It’s crunch time for an embattled Indianapolis charter school.
Knowledge Is Power Program (KIPP) College Preparatory School faces its seventh—and final—review this year, a review that could determine its survival.
KIPP officials insist they’ve solved the management issues that led to financial problems and a revolving door of staff and leadership. Not only is the board bulked up with more expertise, they say, but test scores are rising, leading to hope the San Francisco-based organization will be reauthorized by the mayor’s office.
“There’s clearly a ton more growth that we need to make,” said Emily Pelino, the fifth leader of the local KIPP location. “But we are turning that corner. We gained a lot of traction last year, and we’re on the upward trajectory.”
Granted a charter by Indianapolis Mayor Bart Peterson in 2004, the school is part of a 99-school nationwide KIPP network, all in low-income neighborhoods.
The Indianapolis location, 1740 E. 30th St., has 248 students in grades five through eight.
While still technically a public school—tuition is free—KIPP Indianapolis is allowed to establish its own curriculum. Yet with this freedom comes the higher accountability outlined in the mayor’s 118-page charter school handbook.
For the seven years a charter school is authorized by the Indianapolis mayor, it undergoes continuous evaluation—basic compliance visits each month, as well as more intense yearly evaluations, said David Harris, who served as the charter school director under Peterson.
“Having the mayor as an authorizer is a big part of charter school success in Indianapolis because he’s very visible, and that makes him very accountable,” said Harris, now CEO of The Mind Trust, an Indianapolis-based education think tank.
Through its first six years, KIPP Indianapolis dealt with considerable staff turnover—last year the rate was 55 percent—and episodes of questionable financials.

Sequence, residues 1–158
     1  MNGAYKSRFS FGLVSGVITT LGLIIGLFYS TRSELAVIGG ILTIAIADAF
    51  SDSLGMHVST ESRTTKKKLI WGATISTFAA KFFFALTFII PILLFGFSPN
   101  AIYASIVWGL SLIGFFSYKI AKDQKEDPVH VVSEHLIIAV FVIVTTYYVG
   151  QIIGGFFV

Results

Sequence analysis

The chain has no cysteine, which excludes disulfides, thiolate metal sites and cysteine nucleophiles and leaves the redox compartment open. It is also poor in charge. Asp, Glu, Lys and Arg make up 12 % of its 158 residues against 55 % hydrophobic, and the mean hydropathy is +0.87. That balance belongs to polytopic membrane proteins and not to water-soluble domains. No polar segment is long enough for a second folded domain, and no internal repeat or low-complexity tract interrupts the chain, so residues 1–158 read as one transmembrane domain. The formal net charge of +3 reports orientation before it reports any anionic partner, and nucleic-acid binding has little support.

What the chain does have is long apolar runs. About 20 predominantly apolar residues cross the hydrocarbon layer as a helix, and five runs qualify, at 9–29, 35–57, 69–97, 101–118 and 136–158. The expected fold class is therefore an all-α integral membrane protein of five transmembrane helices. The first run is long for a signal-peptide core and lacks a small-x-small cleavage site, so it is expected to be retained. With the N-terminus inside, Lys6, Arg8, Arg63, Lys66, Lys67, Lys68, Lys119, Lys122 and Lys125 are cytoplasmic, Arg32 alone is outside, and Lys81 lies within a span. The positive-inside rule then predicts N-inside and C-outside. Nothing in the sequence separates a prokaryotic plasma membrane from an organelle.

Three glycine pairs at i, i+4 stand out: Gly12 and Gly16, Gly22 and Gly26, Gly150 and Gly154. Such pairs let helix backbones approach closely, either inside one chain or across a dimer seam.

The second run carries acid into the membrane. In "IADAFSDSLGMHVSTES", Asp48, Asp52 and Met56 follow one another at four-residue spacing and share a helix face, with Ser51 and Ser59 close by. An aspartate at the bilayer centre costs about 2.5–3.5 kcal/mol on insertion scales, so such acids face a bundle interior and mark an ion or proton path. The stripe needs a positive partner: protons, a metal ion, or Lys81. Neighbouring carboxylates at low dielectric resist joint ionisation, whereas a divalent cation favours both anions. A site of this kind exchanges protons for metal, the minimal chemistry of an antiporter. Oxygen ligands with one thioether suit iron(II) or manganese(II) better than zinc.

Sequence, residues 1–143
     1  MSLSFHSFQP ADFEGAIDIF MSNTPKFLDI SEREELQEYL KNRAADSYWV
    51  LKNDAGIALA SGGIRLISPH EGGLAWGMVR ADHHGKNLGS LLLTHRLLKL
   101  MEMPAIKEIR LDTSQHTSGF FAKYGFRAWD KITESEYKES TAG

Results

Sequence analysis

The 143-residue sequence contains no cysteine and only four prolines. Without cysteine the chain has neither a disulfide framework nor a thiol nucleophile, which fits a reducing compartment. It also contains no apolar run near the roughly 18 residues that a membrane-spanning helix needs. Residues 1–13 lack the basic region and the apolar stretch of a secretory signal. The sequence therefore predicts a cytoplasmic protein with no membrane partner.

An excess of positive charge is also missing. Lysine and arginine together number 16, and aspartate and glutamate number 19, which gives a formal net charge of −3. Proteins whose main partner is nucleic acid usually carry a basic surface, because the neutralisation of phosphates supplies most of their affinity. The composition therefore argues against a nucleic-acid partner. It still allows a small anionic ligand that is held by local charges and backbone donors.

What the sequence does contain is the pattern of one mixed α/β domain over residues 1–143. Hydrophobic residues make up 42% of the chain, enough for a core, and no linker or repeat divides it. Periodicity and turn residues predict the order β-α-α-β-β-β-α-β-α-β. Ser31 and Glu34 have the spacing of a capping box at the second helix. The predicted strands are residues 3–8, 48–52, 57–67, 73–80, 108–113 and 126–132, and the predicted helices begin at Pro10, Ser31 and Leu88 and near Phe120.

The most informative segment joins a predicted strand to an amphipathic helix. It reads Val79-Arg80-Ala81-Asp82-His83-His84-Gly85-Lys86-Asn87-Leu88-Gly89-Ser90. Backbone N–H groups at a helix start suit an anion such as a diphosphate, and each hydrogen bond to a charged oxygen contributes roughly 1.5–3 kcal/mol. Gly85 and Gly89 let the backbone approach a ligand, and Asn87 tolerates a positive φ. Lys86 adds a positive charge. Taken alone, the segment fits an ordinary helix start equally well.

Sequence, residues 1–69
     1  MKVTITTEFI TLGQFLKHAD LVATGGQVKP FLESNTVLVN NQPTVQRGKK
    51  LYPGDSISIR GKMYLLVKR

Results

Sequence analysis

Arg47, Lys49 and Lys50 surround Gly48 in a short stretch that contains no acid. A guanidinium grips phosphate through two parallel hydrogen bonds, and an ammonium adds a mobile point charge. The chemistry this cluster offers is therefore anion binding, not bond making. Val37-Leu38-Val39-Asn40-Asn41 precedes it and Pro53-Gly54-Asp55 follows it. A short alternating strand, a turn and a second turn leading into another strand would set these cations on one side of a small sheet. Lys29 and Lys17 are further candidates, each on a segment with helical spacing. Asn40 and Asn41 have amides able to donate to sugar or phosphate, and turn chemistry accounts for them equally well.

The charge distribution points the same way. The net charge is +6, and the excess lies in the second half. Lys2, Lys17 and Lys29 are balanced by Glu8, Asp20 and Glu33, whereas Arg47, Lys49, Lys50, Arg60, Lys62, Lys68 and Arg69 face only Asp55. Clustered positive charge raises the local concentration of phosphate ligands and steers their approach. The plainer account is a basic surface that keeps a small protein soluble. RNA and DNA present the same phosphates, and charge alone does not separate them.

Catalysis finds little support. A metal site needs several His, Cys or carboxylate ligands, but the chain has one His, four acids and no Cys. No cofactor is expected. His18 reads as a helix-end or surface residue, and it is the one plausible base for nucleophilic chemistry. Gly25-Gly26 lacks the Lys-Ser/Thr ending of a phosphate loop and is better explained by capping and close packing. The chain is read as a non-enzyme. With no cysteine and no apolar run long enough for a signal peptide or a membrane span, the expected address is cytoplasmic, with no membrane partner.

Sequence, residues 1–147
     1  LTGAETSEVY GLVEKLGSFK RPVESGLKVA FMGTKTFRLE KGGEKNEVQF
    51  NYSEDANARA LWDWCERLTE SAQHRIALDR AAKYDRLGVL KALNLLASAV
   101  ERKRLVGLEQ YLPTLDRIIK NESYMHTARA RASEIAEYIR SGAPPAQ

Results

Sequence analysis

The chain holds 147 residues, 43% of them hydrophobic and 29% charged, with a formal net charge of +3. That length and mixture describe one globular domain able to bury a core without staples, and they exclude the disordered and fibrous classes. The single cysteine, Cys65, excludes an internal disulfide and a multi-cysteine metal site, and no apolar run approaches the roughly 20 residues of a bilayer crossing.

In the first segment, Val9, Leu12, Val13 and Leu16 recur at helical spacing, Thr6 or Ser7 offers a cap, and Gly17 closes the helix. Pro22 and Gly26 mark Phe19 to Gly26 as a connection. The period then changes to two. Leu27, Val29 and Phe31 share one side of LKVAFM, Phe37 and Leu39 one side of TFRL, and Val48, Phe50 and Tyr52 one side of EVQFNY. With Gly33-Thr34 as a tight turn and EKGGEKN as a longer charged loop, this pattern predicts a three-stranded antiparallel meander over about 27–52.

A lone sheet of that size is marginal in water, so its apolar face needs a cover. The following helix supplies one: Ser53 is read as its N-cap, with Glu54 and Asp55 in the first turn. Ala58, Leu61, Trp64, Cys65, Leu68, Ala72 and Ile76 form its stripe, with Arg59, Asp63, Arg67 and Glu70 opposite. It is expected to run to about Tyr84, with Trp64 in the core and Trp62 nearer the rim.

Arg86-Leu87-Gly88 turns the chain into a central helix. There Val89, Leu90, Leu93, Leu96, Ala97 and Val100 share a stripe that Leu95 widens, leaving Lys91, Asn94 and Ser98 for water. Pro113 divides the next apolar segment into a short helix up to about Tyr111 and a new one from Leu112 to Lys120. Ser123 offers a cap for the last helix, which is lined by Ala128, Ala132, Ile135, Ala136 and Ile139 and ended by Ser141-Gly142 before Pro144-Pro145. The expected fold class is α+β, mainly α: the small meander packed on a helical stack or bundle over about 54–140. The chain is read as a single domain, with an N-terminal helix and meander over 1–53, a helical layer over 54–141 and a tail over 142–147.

When KIPP went through its fourth-year charter review in 2008, results were mixed. While the school met the mayor’s standards in most academic areas, it failed to meet several regarding organization and governance as well as upholding the school’s special education files.
Altogether, the report showed that KIPP held instructive vision but lacked proper direction.
In two on-site monitoring reviews by the state Department of Education, the school was found to have maintained an imbalanced budget and made undocumented transactions, among other problems.
In 2008, KIPP Indianapolis returned more than $8,000 in Title I funding that had been improperly used on items ranging from teacher salaries to spa services at a professional development retreat.
“There was a lack of oversight,” said Pelino, who didn’t join KIPP until the following year. “The school simply did not have the operational expertise that was needed.”
Eighteen months ago, the local board had all staff reapply for their jobs. A new administration entered, a financial management firm was contracted, and a primarily new board brought know-how from the financial and education sectors.